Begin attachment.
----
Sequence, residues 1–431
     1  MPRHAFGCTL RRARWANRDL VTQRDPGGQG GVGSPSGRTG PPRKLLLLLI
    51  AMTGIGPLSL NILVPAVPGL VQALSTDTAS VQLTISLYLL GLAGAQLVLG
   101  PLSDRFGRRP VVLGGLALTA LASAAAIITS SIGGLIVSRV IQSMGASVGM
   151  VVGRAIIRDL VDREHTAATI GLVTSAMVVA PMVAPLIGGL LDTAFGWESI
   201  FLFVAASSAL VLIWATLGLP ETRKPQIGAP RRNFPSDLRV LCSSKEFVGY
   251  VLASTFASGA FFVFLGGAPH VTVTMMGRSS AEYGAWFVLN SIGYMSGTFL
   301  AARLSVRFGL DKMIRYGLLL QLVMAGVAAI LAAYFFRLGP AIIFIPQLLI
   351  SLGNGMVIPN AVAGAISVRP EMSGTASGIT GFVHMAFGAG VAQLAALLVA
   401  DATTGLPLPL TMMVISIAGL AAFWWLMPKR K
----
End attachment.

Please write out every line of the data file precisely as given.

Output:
Sequence, residues 1–431
     1  MPRHAFGCTL RRARWANRDL VTQRDPGGQG GVGSPSGRTG PPRKLLLLLI
    51  AMTGIGPLSL NILVPAVPGL VQALSTDTAS VQLTISLYLL GLAGAQLVLG
   101  PLSDRFGRRP VVLGGLALTA LASAAAIITS SIGGLIVSRV IQSMGASVGM
   151  VVGRAIIRDL VDREHTAATI GLVTSAMVVA PMVAPLIGGL LDTAFGWESI
   201  FLFVAASSAL VLIWATLGLP ETRKPQIGAP RRNFPSDLRV LCSSKEFVGY
   251  VLASTFASGA FFVFLGGAPH VTVTMMGRSS AEYGAWFVLN SIGYMSGTFL
   301  AARLSVRFGL DKMIRYGLLL QLVMAGVAAI LAAYFFRLGP AIIFIPQLLI
   351  SLGNGMVIPN AVAGAISVRP EMSGTASGIT GFVHMAFGAG VAQLAALLVA
   401  DATTGLPLPL TMMVISIAGL AAFWWLMPKR K